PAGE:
Construction began Wednesday on a new Metro-North Railroad train station in West Haven, a project that Connecticut officials say will give more commuting options to residents and business travelers, The Associated Press reports.
The $103 million station, scheduled to open in late 2012, is in the midst of an 11-mile stretch between New Haven and Milford. It's the longest nonstop portion on Metro-North's New Haven Line, which links shoreline Connecticut and New York City.
Gov. M. Jodi Rell and other state and regional officials kicked off the construction with a ceremonial groundbreaking as a backhoe sat ready to start digging at the site, a few blocks from West Haven's city center.
With 660 parking spaces, the 3,000-square-foot station will have a waiting room, restrooms, ticket vending machines, a newsstand and a pedestrian bridge over the tracks. The site currently is barren.
"It will be a first-class station in every way, and it will serve the community and our commuters for years to come," Rell said.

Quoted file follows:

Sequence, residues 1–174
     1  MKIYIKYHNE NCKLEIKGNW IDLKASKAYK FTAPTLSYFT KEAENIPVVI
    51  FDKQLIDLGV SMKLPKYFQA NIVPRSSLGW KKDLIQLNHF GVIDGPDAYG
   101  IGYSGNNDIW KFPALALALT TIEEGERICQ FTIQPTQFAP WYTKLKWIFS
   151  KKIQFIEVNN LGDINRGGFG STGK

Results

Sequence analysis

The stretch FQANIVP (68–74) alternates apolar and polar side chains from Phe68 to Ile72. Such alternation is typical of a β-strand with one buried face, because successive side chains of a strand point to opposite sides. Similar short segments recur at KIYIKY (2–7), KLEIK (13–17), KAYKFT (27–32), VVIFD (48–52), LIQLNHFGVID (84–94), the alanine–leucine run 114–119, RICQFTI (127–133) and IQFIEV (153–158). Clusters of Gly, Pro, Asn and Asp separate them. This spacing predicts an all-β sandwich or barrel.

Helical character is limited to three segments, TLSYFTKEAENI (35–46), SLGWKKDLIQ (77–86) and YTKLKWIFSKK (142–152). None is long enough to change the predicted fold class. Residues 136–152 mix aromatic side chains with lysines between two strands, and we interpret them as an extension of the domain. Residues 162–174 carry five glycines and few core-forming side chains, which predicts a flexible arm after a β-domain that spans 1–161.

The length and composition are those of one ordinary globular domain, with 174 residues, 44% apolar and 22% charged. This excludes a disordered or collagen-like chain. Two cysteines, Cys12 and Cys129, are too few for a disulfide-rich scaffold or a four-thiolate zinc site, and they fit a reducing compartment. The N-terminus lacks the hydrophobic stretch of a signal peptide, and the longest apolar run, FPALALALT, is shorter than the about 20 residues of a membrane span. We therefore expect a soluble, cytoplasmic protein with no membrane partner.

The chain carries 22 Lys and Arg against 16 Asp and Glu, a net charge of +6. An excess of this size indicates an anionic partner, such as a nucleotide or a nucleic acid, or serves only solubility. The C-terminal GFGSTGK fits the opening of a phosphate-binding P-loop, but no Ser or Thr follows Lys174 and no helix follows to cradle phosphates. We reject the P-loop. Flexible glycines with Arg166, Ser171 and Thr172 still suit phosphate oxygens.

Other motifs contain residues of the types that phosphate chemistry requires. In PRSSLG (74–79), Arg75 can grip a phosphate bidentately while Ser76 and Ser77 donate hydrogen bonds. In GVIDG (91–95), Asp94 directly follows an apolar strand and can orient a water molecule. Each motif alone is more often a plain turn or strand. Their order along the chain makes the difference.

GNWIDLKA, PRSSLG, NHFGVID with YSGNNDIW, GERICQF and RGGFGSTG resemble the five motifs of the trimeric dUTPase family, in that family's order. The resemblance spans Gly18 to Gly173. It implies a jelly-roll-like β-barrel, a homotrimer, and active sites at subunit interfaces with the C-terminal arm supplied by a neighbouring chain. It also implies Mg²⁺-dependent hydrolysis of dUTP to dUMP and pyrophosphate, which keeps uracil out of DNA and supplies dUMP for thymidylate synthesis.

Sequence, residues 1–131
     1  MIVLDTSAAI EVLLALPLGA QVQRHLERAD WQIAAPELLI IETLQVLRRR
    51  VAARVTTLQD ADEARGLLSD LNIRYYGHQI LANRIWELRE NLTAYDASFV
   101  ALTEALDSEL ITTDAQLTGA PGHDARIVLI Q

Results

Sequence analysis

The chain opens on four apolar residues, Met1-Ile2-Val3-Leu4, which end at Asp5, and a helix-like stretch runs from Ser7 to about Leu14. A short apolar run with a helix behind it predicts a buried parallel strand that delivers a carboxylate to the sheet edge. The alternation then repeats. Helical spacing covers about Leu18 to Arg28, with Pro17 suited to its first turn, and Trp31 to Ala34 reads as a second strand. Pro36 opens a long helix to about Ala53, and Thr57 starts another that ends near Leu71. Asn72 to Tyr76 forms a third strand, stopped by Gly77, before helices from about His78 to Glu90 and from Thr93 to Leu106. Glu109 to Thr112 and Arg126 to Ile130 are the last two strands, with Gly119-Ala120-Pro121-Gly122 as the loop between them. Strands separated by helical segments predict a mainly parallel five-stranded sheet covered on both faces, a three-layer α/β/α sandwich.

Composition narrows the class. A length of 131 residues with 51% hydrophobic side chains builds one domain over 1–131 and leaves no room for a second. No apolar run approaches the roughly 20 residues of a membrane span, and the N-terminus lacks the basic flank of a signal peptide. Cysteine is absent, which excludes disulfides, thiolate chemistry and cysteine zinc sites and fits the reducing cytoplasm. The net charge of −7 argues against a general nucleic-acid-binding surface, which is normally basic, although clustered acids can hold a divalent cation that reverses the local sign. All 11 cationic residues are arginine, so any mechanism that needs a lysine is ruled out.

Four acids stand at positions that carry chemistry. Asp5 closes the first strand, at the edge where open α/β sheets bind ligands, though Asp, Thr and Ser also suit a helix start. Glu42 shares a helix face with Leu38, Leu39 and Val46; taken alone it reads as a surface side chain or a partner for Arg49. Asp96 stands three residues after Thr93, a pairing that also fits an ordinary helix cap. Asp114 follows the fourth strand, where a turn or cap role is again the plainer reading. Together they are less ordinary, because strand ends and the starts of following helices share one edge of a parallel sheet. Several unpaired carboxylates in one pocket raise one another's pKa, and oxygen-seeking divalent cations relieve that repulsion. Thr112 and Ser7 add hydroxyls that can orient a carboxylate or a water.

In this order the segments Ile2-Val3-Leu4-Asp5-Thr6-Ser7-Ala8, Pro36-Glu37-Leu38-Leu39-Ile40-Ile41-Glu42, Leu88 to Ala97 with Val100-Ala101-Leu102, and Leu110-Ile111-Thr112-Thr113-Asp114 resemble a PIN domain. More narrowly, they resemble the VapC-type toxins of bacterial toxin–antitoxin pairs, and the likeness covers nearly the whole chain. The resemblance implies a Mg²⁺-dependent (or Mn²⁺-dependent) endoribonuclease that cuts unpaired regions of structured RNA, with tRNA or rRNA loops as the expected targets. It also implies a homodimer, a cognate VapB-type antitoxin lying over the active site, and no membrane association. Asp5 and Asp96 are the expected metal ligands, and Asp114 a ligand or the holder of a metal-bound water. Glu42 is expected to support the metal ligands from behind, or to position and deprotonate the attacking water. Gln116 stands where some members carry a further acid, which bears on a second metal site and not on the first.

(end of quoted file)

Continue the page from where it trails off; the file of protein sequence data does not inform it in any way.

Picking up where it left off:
Currently, Metro-North trains travel nonstop through West Haven and neighboring Orange, so riders heading for that area must either get off at Milford and head east or go to New Haven and double back.
Sherry Herrington of West Haven makes that trip every weekday to and from Manhattan for her job as a Metro-North executive, boarding and disembarking at Union Station in New Haven. The new station will be so close that she can ride her bicycle there in good weather.
"Every night, I look out the window on the train as we go through West Haven and I say, `I could be getting off here. I could nearly be home,'" said Herrington, one of dozens of West Haven residents who attended the groundbreaking. "I've been excited about this for a long time."
Michael Mercuriano, a West Haven real estate agent, said the event was a sweet moment for himself and other residents who organized a grass-roots drive 10 years ago to push for the station.
"It's going to make a great difference," Mercuriano said of the new stop as the rumble of a passing Metro-North train faded into the distance. "It is going to hook us up to the linear city of New York and Boston, and that means a lot in progress."